Pivot! As noun or verb, it’s been around in business articles and blogs for a while, but the contagion is spreading. It’s the latest darling of the buzzword brigade. Apart from boring predictability, there’s the problem of its meaning.
I admit there is supposed to be an application of the word that makes sense in the business world, but I won’t argue that point. The real problem is this: the mindless, ‘follow the flock’ types, who ignore the fact that communication is about sharing meaning, and use the word at every possible opportunity.
It’s just lazy language.
I’ve recently seen seven uses of the word and, after working it out from the context, I decided each had a different intended meaning. No naming and shaming, so I’ll keep the clippings to myself.
When to ‘pivot’ means to go meaninglessly around … and around…
In these seven cases, more accurate alternatives to ‘pivot’ would have been:
- minor shift
- major transformation
- complete reversal of direction
- (simply) change
Hardly the same message! And why should a reader have to fathom what’s being said, when that’s what a good vocabulary is for?
One word, seven opportunities for a total mangling of meaning.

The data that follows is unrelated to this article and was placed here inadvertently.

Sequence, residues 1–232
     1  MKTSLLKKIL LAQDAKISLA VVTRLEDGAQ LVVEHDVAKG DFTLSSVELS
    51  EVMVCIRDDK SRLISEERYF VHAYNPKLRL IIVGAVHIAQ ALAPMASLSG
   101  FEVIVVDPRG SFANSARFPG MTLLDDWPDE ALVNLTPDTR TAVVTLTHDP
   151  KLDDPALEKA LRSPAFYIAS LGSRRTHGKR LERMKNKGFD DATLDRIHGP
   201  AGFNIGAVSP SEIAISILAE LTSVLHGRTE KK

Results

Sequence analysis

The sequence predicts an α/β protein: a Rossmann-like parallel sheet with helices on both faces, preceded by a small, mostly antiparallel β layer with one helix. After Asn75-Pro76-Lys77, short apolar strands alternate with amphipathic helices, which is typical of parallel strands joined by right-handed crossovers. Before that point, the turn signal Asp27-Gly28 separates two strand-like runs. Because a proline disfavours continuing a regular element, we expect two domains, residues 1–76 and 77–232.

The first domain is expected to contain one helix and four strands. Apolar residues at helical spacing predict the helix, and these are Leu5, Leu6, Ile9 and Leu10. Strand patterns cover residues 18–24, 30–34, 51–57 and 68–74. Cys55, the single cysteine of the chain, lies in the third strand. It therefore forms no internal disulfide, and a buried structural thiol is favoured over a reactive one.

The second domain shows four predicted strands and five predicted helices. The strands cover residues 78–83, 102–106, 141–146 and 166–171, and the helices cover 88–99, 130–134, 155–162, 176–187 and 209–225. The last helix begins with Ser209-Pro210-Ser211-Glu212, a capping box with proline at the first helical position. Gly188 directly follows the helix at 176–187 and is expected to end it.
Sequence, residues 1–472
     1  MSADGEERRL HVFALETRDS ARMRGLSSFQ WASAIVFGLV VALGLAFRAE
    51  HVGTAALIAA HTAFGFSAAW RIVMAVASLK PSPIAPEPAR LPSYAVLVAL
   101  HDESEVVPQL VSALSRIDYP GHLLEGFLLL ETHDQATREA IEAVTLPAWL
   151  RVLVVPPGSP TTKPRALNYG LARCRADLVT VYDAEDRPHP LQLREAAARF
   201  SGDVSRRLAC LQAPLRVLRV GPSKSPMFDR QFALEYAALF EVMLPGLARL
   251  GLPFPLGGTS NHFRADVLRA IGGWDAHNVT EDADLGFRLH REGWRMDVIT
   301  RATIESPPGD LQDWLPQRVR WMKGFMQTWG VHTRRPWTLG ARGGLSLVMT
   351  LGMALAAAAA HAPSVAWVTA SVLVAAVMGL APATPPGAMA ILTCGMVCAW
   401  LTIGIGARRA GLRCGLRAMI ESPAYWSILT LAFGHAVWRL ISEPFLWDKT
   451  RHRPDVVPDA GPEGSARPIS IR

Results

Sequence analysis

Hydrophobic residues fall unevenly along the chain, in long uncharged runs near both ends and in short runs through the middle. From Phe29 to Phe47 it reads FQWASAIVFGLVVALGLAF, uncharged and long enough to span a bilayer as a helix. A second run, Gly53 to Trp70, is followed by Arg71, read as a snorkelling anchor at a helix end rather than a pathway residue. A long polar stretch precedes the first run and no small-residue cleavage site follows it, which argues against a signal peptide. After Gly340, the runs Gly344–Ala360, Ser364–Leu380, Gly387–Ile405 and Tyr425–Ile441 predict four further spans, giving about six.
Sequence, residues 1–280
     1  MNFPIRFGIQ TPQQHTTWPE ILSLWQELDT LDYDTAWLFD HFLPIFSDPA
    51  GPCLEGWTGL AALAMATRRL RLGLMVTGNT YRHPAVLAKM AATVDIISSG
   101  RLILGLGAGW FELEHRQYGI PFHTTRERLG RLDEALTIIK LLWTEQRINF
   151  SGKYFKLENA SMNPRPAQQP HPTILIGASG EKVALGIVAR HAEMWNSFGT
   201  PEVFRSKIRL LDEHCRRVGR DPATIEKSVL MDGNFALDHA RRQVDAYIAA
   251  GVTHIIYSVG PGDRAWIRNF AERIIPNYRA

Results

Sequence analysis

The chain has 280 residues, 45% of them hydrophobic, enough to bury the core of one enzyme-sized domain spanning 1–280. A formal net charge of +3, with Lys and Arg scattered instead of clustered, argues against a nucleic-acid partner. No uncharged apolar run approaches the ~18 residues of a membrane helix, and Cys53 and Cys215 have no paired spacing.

Don’t use it. Or, if you must, for heaven’s sake, look it up first.
But don’t expect to be enlightened if you do.
The definition of pivot
The everyday definition of pivot (according to the Oxford Dictionary) is:
- pivot (noun): The central point, pin, or shaft on which a mechanism turns or oscillates.
- to pivot (verb): to turn on a point or on a pivot
Business and politics have adopted the word, and apparently ignored its essential characteristic: turning (or leaning) while remaining on a fixed point.
In fact, you’ll find adopted and adapted definitions that include more than one, or all, of the seven different meanings I listed earlier. Most of us accept that definitions can be changed by usage. When the same term can convey conflicting meanings, though, it’s time to look for precision. Unfortunately, those who want to follow a trend rather than communicate clearly will always be with us
I have come to the conclusion that perhaps, in business-speak anyway, there is no shared meaning of pivot at all.
Be a rebel! Say what you really mean.
More examples of lazy language.